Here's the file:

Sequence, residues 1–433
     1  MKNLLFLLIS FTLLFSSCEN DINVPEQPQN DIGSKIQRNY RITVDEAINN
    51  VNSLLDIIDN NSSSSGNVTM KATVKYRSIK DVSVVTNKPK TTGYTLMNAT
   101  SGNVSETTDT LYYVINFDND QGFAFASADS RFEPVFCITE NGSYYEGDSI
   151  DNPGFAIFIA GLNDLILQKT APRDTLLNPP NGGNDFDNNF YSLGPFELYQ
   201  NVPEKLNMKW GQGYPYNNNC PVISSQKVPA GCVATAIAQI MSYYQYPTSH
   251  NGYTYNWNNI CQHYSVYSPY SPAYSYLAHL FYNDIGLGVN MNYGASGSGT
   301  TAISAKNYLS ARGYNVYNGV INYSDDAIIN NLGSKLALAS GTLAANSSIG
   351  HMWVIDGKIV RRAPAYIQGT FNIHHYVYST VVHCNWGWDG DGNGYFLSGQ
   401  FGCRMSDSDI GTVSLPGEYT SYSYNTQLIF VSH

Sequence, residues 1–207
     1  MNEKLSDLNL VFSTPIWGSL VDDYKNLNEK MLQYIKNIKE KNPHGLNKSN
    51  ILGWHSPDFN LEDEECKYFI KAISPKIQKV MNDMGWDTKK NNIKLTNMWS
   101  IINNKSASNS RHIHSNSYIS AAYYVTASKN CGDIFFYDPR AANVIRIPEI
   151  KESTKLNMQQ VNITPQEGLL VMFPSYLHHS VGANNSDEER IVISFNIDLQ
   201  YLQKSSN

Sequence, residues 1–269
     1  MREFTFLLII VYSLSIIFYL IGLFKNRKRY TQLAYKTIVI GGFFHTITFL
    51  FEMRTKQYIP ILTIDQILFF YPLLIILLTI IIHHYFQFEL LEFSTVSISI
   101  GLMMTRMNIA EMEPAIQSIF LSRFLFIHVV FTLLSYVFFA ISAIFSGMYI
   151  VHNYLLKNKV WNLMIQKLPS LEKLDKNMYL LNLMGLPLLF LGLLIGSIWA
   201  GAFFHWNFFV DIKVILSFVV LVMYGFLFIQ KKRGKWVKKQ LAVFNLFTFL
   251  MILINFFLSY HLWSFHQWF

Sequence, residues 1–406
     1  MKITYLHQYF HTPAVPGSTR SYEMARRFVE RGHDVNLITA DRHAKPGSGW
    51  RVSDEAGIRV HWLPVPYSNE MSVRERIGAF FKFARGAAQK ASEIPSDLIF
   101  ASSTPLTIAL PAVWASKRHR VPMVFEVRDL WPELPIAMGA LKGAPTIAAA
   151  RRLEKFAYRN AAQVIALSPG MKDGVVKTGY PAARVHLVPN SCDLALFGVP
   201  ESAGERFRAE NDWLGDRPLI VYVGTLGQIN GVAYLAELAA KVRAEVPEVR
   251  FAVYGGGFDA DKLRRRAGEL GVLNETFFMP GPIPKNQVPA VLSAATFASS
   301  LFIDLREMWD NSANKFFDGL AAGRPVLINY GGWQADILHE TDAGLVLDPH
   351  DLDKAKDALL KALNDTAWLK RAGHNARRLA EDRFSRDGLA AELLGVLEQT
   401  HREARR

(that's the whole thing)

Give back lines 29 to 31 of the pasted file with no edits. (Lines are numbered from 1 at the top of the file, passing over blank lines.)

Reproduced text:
   201  ESAGERFRAE NDWLGDRPLI VYVGTLGQIN GVAYLAELAA KVRAEVPEVR
   251  FAVYGGGFDA DKLRRRAGEL GVLNETFFMP GPIPKNQVPA VLSAATFASS
   301  LFIDLREMWD NSANKFFDGL AAGRPVLINY GGWQADILHE TDAGLVLDPH